Banks — I understood what they were. Ruthless, efficient money-machines with a byproduct of social mobility. Really, what other industry would have offered me the same chance? […] The financial industry was the only viable route upwards. I’d traded in my life for a sliver of middle-class comfort. For a future. My parents and grandparents had no such opportunities: I felt I couldn’t waste mine.

But this doesn’t sit well with her. She believes she’s become someone who knows her place in society and understands the limits to her ascent. She does not want the younger generation to have to deal with this too.

And she’s conscious that her boyfriend’s parents tolerate her because they are “good, socially liberated” people, but she knows that it’s all an illusion, that they think it’s just a phase their son is going through and it’s not the kind of relationship that would ever develop into anything serious. If it did, it would threaten “a purity of lineage” — though not in “any crass racial sense” but in the family’s “shared cultural mores and sensibilities” — and it would “wreck the family name”.

But this is a microcosm of what she’s experienced her whole life, trying to fit in and be accepted but knowing that if you scratch the surface it’s next to impossible:

Born here, parents born here, always lived here — still never from here.

And interwoven through all these negative thoughts is an unwanted medical diagnosis that she is refusing to deal with perhaps because she’s suffered enough and more suffering does not faze her.

Compelling read

Assembly is a challenging and at times confronting read, and it is relentless in its dissection of racism, but it’s written with such eloquence (and fury) that it’s compelling and hypnotic.

It doesn’t paint a particularly nice portrait of modern British life. It is littered with examples of micro-aggression and sexism in the workplace, the lack of social mobility opportunities, the “hostile environment” adopted by the government and the ways in which the ruling classes are geared towards preserving a certain way of life.

And the ending, uncertain and undefined, is a pitch-perfect reflection of a country on the precipice of choosing which direction to go: backward or forward?

Brona liked this one too (review here) and so did Annabel (review here)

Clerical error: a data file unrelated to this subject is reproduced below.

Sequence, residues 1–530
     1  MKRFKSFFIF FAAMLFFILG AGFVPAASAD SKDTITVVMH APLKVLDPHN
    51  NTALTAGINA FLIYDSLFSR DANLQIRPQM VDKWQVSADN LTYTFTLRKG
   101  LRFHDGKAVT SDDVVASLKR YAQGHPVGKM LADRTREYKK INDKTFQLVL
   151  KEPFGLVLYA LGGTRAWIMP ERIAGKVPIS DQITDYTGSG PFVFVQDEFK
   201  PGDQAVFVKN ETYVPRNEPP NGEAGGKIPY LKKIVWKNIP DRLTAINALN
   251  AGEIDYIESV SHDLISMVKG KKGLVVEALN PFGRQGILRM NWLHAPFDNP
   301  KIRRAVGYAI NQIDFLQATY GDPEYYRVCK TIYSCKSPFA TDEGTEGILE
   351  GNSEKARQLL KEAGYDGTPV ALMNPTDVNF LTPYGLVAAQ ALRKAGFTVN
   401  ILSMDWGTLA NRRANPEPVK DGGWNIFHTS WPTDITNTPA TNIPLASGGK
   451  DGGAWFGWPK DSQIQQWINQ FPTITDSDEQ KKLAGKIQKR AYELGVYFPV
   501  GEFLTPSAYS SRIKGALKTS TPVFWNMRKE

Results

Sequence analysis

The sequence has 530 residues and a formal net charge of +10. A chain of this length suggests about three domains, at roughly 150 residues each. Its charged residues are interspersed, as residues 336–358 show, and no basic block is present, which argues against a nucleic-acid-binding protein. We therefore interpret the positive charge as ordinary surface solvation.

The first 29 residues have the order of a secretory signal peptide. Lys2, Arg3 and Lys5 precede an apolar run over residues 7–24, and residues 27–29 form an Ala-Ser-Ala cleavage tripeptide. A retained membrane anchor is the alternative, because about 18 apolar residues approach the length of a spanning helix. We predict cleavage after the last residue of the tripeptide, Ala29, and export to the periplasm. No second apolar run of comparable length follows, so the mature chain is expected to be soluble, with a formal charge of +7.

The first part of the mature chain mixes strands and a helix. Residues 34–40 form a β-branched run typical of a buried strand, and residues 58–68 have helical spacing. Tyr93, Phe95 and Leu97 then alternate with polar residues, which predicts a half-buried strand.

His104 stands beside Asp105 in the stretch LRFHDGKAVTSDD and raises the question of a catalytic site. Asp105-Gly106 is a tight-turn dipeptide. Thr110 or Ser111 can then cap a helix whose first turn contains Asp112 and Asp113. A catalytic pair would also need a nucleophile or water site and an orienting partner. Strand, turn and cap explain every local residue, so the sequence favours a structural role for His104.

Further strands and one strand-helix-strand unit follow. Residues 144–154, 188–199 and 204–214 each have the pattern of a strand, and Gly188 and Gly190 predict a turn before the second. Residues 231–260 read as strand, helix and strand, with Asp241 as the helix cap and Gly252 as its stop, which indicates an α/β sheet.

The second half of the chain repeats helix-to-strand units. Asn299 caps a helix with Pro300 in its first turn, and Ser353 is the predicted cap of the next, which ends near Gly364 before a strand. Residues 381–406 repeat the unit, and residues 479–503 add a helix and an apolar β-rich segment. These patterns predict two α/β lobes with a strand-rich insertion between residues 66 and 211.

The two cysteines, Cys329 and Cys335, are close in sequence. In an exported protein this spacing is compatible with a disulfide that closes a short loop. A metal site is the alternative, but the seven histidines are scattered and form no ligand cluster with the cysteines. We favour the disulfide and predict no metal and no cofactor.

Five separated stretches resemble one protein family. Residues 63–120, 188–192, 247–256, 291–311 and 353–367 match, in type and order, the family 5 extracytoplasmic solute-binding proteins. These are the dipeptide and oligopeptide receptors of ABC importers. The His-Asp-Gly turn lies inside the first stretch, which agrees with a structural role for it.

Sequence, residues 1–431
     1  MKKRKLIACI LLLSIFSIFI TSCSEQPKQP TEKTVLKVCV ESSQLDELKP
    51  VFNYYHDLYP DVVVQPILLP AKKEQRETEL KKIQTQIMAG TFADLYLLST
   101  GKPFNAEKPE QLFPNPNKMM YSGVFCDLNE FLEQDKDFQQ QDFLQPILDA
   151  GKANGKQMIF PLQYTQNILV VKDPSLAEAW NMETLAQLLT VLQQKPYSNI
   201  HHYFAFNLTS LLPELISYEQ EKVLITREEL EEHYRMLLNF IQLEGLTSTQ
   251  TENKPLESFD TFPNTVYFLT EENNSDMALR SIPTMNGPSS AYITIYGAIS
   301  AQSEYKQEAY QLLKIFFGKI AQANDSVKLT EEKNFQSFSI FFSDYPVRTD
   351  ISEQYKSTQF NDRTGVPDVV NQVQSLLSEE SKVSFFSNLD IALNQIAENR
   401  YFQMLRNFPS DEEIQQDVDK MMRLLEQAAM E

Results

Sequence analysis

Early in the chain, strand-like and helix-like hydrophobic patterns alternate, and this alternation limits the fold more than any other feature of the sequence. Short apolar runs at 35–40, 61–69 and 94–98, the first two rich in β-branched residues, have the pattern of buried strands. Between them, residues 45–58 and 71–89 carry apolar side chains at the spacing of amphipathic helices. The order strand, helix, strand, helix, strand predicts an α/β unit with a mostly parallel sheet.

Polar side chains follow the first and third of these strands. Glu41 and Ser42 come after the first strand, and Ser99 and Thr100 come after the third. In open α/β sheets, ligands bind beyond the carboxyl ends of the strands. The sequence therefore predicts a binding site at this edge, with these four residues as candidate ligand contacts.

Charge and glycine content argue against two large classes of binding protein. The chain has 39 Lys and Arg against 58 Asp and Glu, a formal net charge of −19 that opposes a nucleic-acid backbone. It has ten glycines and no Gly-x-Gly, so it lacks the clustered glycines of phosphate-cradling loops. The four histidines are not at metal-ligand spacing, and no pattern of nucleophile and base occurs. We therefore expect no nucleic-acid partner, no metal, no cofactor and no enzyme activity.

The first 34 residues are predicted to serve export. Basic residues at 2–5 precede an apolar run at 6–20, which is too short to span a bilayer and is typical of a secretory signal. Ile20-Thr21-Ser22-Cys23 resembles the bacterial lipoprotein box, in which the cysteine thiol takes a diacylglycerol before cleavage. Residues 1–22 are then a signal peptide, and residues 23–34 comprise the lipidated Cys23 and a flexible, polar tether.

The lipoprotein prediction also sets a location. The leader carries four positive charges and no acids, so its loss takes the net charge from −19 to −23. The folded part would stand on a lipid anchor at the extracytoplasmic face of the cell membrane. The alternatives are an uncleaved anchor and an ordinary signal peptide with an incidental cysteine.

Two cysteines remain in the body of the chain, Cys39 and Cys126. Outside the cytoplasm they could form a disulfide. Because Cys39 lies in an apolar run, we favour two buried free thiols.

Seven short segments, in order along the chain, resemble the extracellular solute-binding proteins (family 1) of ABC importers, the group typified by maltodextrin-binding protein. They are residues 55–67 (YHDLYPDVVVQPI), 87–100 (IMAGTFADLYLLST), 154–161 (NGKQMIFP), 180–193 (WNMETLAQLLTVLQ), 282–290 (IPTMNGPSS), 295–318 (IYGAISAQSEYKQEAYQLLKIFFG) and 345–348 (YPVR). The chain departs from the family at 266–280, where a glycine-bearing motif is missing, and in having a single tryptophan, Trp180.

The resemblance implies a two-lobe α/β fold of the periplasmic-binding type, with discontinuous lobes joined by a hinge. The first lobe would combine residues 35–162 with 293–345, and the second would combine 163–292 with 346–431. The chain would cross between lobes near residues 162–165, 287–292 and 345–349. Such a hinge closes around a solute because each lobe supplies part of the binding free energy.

This is my 4th book for #20booksofsummer 2022 edition. I bought it from Collins Booksellers in Cottesloe last year. It’s the kind of book that would benefit from a second reading, there is just so much in it, so I’m glad I purchased this one rather that borrow from the library.

Author, Book review, Books in translation, crime/thriller, Deon Meyer, Fiction, Hodder, Publisher, Setting, South Africa

‘The Woman in the Blue Cloak’ by Deon Meyer (translated by K.L. Seegers)

Fiction – paperback; Hodder & Stoughton; 141 pages; 2018. Translated from Afrikaans by K.L. Seegers.

Deon Meyer’s The Woman in the Blue Cloak captured my attention when I saw it on the shelves of my local library because it was:

✔️ a novella;

✔️ a crime story;

✔️ the crime involved art from the Dutch Golden Age;

✔️ it had an evocative setting (South Africa); and

✔️ it was translated fiction.

It also helped I had read Meyer’s work before (Blood Safari in 2015, which was excellent), so I knew I could trust him to write a well crafted, intelligent crime story with plenty of social commentary.

Murder of a tourist

Despite the fact it starts with a tired old trope — the murder of a beautiful woman (sigh) — The Woman in the Blue Cloak is not a conventional murder story.

For a start, the victim, Alicia Lewis, is a foreigner on a flying visit to South Africa. She’s an American based in London who works for an organisation that recovers lost or stolen works of art.

When her body is found naked and washed in bleach, draped on a wall beside a road in Cape Town, the police investigation begins by trying to identify her, before looking into a motive for the crime and locating the perpetrator.

The Goldfinch by Carel Fabritius

I’m not going to give away plot spoilers, but I think it’s safe to say Ms Lewis had been in South Africa to track down a rare painting by the Dutch Golden Age artist Carel Fabritius. (Fabritius is probably most famous for his painting The Goldfinch, from 1654, and the one that features in Donna Tartt’s novel of the same name.)

The police investigation traces the root of the crime all the way back to the 17th century, before concluding with a relatively neat ending that, to be perfectly frank, didn’t quite convince me — although it didn’t take away from the enjoyment of this well-told story.

Entertaining police procedural

The Woman in the Blue Cloak (the title refers to the name of the Fabritius painting that Ms Lewis is trying to locate) is an intriguing police procedural set in a culturally diverse part of the world grappling with all kinds of racial and political tensions, long after Apartheid has fallen by the wayside.

It’s the sixth book in Meyer’s Detective Benny Griessel series but it works as a standalone. I haven’t read the previous books in the series and it certainly didn’t impact my enjoyment or understanding of this story.

I particularly liked the camaraderie — and the lively banter — between Griessel and his colleague Vaugh Cupido, and the ways in which they worked together to achieve a result.

Griessel spends the entirety of the investigation being distracted by a personal dilemma — he’s trying to secure a bank loan so that he can buy an engagement ring. His impecunious situation is nicely contrasted with the value of the Fabritius painting, believed to be worth a hundred million dollars.

This is an enjoyable novella, tightly written, fast-paced and well plotted. What more could you want from a crime story?

I read this book for Novellas in November (#NovNov), which is hosted by Cathy of 746 Books and Rebecca of Bookish Beck 

Author, Book review, Books in translation, Fiction, France, Penguin, Philippe Besson, Publisher, Setting

‘Lie With Me’ by Philippe Besson

Fiction – paperback; Penguin; 148 pages; 2019. Translated from the French by Molly Ringwald.